Britain will be forcing financial firms and listed companies to publish plans to transition to a net zero carbon economy in 2050. The companies’ published plans inclusive between 2023 and 2050 are required to provide targets toward reaching net zero carbon emissions, detailing interim goals and the measures by which companies intend to meet them. A new task force is being formed to set the “gold standard” for transition plans to avoid ‘greenwashing,’ that is inflating green credentials, and to help companies establish “investable and accountable” plans. The task force has a 2-year mandate to set up good practices for the transition plans, and a “sandbox” to test the new plans. Investors will determine if their companies’ plans are adequate or credible. Announcing this requirement on April 25, Britain believes it is setting itself up as the world’s first net-zero financial center.


In 2019, Britain became the first Group of 7 member countries to set a net-zero emissions target for 2050. That target will require drastic changes in the lifestyle of British residents because giving up fossil fuels and moving to renewable energy will be both expensive and unreliable as some U.S. states and European countries have already begun to find out. It will mean that Britons will have to change their mode of travel, the way they heat their homes and what resources are used to generate their electricity.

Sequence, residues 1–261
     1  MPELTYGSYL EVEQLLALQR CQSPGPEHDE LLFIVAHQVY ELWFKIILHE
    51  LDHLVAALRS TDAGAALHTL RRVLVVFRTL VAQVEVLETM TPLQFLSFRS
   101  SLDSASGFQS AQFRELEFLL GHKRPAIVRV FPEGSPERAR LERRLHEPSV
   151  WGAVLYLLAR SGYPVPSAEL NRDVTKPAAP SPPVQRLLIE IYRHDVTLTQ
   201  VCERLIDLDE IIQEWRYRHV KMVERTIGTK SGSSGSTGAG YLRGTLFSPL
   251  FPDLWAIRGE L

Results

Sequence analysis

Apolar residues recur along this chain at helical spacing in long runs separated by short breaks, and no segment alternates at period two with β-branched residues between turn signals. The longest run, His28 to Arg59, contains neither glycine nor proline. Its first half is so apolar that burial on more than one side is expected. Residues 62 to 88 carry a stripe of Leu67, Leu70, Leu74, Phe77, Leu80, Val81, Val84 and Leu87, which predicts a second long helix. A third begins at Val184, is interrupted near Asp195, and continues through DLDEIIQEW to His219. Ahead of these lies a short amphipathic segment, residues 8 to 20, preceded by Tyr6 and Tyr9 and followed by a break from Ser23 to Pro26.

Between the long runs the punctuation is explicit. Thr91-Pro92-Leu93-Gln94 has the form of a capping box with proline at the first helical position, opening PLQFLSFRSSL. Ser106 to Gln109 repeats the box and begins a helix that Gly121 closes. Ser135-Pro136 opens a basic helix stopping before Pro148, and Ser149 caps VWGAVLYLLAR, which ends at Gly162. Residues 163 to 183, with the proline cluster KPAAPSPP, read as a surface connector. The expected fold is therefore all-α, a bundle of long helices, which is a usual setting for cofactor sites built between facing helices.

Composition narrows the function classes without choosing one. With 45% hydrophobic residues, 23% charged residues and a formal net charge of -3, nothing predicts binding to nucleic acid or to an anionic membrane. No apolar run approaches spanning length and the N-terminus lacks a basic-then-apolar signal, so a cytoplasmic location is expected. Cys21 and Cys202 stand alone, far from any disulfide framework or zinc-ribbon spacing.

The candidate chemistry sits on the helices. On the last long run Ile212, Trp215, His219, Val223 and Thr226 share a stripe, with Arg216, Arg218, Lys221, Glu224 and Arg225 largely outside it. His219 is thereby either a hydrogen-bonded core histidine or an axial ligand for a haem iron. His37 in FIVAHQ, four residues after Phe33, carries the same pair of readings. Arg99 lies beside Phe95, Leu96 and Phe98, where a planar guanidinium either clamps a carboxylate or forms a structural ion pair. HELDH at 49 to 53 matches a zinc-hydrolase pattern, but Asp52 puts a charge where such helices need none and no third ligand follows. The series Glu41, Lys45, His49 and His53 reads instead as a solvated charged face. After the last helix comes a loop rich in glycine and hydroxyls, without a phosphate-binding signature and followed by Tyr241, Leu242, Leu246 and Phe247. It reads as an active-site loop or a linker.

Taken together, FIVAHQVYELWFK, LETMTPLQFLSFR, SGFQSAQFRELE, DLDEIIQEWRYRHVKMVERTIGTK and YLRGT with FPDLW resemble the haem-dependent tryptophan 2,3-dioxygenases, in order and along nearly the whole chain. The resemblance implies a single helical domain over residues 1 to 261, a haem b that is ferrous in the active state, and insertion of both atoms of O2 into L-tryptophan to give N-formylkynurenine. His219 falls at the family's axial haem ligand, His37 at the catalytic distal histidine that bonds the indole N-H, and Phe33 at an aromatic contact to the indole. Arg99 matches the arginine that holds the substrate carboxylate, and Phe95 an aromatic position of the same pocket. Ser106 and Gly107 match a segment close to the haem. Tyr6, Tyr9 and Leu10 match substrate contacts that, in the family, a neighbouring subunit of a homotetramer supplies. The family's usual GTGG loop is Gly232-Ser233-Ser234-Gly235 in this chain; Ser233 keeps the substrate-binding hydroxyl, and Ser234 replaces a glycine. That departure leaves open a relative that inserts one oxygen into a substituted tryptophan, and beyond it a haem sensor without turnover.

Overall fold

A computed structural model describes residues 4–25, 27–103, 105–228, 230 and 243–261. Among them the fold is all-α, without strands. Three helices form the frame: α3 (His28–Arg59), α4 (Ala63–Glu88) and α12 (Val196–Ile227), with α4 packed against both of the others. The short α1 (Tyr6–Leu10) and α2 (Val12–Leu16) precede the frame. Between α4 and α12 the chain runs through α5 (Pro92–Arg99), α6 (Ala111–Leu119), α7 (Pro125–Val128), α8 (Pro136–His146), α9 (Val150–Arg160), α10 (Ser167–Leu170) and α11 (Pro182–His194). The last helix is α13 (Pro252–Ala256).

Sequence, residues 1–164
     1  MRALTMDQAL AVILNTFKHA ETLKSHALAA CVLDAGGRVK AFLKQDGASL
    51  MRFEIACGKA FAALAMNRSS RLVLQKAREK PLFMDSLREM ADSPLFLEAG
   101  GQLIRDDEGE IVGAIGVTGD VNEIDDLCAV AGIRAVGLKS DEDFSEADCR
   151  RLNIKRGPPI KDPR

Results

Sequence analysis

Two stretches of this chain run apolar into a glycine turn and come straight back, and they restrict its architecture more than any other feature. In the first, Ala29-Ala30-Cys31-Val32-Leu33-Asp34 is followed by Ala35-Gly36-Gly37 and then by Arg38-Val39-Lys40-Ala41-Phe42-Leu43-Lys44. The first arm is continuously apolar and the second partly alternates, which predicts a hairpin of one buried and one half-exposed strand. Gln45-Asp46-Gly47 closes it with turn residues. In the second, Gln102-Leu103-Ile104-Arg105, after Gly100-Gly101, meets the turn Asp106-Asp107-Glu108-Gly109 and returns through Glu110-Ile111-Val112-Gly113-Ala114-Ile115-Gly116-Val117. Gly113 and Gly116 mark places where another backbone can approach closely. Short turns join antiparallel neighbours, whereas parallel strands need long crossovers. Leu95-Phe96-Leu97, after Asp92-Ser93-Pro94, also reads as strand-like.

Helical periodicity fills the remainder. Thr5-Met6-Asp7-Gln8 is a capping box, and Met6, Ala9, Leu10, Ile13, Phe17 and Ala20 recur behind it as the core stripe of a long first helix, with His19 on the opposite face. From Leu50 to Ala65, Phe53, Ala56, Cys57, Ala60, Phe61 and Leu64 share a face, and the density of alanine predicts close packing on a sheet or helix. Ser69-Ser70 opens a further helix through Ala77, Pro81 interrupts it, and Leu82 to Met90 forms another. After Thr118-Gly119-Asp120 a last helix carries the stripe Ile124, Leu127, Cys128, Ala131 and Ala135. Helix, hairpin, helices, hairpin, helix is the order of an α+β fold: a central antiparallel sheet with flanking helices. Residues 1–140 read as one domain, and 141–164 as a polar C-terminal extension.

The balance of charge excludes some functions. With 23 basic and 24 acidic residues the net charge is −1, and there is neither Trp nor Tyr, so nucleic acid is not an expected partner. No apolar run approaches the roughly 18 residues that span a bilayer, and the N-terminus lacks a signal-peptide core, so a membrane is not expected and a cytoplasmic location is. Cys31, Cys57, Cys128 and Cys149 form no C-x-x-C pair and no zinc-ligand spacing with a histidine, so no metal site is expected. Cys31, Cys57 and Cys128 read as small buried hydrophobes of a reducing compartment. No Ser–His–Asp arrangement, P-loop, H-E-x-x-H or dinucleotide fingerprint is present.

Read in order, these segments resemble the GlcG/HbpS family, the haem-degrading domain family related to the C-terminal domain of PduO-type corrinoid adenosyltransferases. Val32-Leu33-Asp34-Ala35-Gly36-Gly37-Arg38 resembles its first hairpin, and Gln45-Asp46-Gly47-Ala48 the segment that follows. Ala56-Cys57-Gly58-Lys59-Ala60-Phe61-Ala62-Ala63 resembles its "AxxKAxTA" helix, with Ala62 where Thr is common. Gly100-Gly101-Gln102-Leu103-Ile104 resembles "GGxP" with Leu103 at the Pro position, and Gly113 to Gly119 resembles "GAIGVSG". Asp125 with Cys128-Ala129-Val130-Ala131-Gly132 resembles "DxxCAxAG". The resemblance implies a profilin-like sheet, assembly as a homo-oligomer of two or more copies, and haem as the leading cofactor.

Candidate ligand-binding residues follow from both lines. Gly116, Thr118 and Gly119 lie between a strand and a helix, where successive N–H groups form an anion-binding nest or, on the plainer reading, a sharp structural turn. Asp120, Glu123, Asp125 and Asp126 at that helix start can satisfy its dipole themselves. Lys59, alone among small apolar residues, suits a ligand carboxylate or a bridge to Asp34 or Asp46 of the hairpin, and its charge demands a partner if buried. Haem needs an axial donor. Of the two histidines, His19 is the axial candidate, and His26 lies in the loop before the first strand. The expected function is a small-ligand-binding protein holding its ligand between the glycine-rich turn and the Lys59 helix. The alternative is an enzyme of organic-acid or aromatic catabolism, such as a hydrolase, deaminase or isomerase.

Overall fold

Britain plans to generate its electricity entirely from non-carbon energy, subject to security of supply, by 2035. To meet that goal, the government sees it needing 40 gigawatts of offshore wind power by 2030, and 1 gigawatt of floating offshore wind power. By 2030, the country also expects to have 5 gigawatts of hydrogen production capacity and to cut its carbon dioxide emissions from oil and gas by half. Also by 2030, the government expects to deploy at least five million metric tons of carbon dioxide a year from engineered greenhouse gas removals.

The British government is also promoting nuclear power. It has set up a £120 million ($151 million) “future nuclear enabling fund” for future nuclear technologies, including small modular reactors, with a number of potential sites such in north Wales. As with other countries, many of Britain’s nuclear plants are ageing and retiring with some being decommissioned earlier than scheduled. It has a new Hinkley Point C nuclear plant coming online in 2026. Britain’s EDF also plans to build a plant at Sizewell in Suffolk, subject to the right investment framework.